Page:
The Yellowfin Grouper fish identification, habitats, characteristics, Fishing methods
A highly colorful coral reef grouper, the Yellowfin Grouper is found throughout the western Atlantic, the Gulf of Mexico and the Caribbean Sea. Coloration can vary from a light brown to an intense red. Often found in shallow waters during cooler periods, the yellowfin grouper feeds in and around the coral reefs.
Yellowfin grouper, Mycteroperca venenosa, also known as Red Rockfish, Spotted Grouper, Bonaci Cardinal, princess rockfish in Bermuda, bonaci cardenal, arigua, bonaci de piedra in Cuba, cuna cucaracha, cuna cabrilla in Venezuela, is a marine fish most common in the Bahamas, also distributed in Bermuda, North Carolina, south Florida, Gulf of Mexico, West Indies, Honduras, Nicaragua, Venezuela to São Paulo, Brazil.
Diagnostic characters: Body depth contained 2.9 to 3.2 times, head length 2.6-2.9 times in standard length. Nostrils are equal or rear nostrils about twice diameter of the front nostrils in larger fish. Interorbital area convex; preopercle evenly rounded or with a slight notch, but no projecting bony lobe at angle. Mid-lateral body scales are ctenoid in juveniles and smooth in adults, with numerous auxiliary scales. Soft dorsal and anal-fin margins rounded; no exserted fin rays. Caudal fin truncate in juveniles, concave in adults;
Dorsal fin has 11 spines and 15 to 16 soft rays.
Interspinous membranes are distinctly indented.
Anal fin has 3 spines and 10 to 12 soft rays.
Pectoral fins have 16 to 18 rays.
Lateral-line scales 72 to 81.
Lateral scale series 111 to 125.
Maximum total length is 100 cm
Maximum weight up to 10 kg.
The rear margin of tail convex or truncate with rounded corners.
Gill rakers on first arch are 24 to 27.
8 to 10 on upper limb, 17 to 18 on lower limb
including 4 to 7 rudiments on each limb.
Yellowfin Grouper shows various colors, including two major phases, a deep-water reddish form and a shallow-water greenish form; head and body with oblong dark blotches overlying groups of small black spots; ventral part of head and body with dark red spots; soft dorsal, anal, and caudal fins with dark margin and white edge; distal 3rd of pectoral fins abruptly yellow, the basal part of fin with small irregular dark spots. During a deep-water phase it is difficult distinguish from the Black Grouper were it not for the bright yellow trim of the pectoral fins. In its other major color phase, the Yellowfin is the prettiest of all the Groupers. They are overall bright red color with dark red or brown box-shaped blotches and, of course, the yellow pectorals. In both phases, yellow may be obvious on other fins, as well as the pectorals.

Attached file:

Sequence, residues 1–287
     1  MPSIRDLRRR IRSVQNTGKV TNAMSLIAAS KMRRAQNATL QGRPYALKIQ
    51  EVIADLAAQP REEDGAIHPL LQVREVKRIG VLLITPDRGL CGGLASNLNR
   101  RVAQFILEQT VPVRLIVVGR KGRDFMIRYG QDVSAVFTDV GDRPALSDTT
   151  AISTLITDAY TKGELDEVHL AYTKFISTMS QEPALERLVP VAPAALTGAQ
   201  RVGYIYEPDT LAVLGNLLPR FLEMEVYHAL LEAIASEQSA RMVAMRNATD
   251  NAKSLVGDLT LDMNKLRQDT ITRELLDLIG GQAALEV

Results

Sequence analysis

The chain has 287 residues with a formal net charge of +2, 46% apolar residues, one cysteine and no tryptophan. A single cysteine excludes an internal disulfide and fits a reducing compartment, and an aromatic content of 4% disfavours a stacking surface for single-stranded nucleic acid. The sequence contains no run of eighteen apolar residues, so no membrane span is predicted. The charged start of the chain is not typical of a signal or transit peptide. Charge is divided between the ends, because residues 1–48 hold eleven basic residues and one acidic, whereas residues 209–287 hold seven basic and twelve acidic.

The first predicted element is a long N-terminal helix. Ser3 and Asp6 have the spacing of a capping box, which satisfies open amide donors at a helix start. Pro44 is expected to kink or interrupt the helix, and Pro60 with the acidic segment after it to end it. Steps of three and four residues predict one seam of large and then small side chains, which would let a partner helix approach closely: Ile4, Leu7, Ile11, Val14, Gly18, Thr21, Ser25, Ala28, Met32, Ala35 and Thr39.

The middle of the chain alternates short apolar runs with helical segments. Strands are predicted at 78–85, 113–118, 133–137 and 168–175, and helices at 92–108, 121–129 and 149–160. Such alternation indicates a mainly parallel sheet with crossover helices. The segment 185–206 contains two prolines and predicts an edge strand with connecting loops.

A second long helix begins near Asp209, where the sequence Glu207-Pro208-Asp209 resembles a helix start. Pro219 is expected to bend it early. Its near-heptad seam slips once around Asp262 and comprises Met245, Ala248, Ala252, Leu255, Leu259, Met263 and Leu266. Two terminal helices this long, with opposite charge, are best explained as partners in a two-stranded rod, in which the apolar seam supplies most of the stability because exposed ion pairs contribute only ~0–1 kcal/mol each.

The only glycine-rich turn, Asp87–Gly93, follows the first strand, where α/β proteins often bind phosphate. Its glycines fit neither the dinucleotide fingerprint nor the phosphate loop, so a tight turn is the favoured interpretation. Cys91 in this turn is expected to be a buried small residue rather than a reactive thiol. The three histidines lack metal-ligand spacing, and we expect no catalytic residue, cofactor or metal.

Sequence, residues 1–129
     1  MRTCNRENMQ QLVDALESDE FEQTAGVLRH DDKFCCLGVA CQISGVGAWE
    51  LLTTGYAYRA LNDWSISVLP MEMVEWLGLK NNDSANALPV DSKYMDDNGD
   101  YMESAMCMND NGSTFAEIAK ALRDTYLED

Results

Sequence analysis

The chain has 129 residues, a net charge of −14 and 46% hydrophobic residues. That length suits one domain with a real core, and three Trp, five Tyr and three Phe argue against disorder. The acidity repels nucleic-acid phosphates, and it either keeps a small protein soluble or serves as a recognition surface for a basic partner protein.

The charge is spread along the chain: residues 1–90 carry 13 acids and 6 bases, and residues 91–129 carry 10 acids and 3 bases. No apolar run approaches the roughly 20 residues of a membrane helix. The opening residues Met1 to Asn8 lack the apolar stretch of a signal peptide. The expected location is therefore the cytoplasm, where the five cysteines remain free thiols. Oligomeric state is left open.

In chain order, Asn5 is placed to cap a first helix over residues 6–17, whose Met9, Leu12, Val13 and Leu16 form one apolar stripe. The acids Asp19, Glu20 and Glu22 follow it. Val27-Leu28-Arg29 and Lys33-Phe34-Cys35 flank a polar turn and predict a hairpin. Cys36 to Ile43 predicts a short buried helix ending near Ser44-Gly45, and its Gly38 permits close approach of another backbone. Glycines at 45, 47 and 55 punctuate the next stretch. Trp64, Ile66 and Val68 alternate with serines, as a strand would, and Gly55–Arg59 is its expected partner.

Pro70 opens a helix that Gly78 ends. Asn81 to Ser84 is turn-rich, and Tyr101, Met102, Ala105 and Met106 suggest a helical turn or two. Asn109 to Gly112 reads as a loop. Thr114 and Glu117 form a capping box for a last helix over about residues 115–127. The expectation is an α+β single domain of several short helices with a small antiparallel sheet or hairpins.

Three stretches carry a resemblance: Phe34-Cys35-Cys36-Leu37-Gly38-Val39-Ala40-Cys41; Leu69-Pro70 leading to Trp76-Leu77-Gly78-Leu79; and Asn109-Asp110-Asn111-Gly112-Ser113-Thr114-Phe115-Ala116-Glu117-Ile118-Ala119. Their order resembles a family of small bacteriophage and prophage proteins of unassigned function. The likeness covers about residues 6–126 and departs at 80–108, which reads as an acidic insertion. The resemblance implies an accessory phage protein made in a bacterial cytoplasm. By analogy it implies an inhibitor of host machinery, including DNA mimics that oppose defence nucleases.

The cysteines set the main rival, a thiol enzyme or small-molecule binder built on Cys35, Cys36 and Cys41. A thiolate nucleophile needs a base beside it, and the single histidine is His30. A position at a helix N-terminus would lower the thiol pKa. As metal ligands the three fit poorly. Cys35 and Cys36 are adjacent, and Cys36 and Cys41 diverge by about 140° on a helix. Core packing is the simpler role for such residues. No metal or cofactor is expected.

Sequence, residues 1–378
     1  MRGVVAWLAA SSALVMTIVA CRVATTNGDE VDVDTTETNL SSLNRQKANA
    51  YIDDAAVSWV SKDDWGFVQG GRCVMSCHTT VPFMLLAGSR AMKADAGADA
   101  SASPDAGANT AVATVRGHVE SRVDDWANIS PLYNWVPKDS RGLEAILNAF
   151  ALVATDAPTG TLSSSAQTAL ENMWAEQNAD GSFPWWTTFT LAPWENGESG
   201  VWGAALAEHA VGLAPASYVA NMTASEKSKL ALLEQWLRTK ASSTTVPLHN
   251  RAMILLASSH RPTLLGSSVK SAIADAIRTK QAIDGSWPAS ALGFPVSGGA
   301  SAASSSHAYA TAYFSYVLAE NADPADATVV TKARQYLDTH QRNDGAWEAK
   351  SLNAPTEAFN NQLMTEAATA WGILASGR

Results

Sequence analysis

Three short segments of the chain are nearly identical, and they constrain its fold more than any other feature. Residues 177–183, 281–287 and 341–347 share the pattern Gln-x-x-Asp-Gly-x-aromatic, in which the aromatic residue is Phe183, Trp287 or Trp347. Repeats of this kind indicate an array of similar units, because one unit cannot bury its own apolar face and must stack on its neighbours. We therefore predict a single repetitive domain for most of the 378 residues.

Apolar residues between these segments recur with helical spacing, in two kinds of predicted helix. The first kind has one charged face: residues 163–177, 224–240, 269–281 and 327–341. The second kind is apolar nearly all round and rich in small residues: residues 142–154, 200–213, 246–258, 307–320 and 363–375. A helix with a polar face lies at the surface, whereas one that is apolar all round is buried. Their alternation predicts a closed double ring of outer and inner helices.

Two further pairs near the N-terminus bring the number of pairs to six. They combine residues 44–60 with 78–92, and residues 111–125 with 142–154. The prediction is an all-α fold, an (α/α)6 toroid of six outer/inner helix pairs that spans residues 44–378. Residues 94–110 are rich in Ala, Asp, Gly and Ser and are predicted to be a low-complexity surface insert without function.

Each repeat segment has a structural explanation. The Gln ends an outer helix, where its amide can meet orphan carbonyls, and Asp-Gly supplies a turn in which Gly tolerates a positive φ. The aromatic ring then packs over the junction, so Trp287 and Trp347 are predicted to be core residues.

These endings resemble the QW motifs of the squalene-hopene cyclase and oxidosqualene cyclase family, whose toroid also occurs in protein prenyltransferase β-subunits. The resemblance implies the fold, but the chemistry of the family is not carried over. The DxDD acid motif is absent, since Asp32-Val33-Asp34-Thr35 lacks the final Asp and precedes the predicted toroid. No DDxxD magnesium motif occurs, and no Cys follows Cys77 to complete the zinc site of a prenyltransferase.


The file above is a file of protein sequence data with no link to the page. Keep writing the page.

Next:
Juveniles occur in shallow turtle grass beds; adults are usually found on rocky and coral reefs in depths of 2 to 137 m, but also been found in trawls overmud bottoms in the northern Gulf of Mexico. The food at 18 to 75 cm standard length was 95% fishes (mainly coral reef species) and 4% squids. One of the most abundant groupers in the Caribbean has lengths at least 100 cm.
They are protogynous hermaphrodite. Spawning occurs at Bermuda in July, in the Florida Keys during March, in the eastern Gulf of Mexico from March to August, at Jamaica from February to April and off Puerto Rico in April. Males mature at length 54 cm.
Yellowfin grouper have an outstanding game quality, among the best of the groupers. The smaller species have an excellent food value. This is a good-size Grouper that frequently runs to 15 pounds or so, and sometimes to 30 or more. The smaller ones, from 3-10 pounds, are apt to be the most brightly colored. They could be caught with traps, spears, and hook-and-line using Drifting, Still Fishing and Trolling fishing methods. Heavy bottom-fishing outfits to spinning and bait-casting outfits that are used for jigging. Live baits are the best for Yellowfins, large cut baits also work pretty well. Many are caught by trolling, especially with heavy feather-and-strip combinations. They also take plugs and spoons.
The white-flaked flesh contains no intramuscular bones. The extra lean white meat is firm and moist with large flake and a sweet, mild flavor.
Grilled Margarita Grouper
Combine 1/3 cup Bianco, Silver or Anejo tequila, 1/2 cup of triple sec, 3/4 cup of fresh lime juice, 1 tsp of salt, and 2 tsp of vegetable oil. Place 1 1/2 lbs grouper fillets in a single layer in a flat dish. Pour tequila mixture over, and marinate for 1/2 hour at room temperature, or 2-3 hours in the refrigerator. Just before serving, combine 3 medium diced tomatoes, 1 medium finely chopped onion, 1 tbsp minced jalapeņo or serrano chile, 2-4 tbsp chopped fresh cilantro, 1 pinch of sugar, and salt to taste to make fresh tomato salsa. Remove fish from marinade (reserve it for later), and pat dry. Brush fish on both sides with oil, and grind pepper over it. Cook on greased grill over high heat until flesh is opaque (approx. 4 minutes per side). Boil sauce in a saucepan for about 2 minutes, remove and discard the garlic cloves, and spoon over fish. Serve alongside fresh tomato salsa.
Check more great easy Grouper Recepies.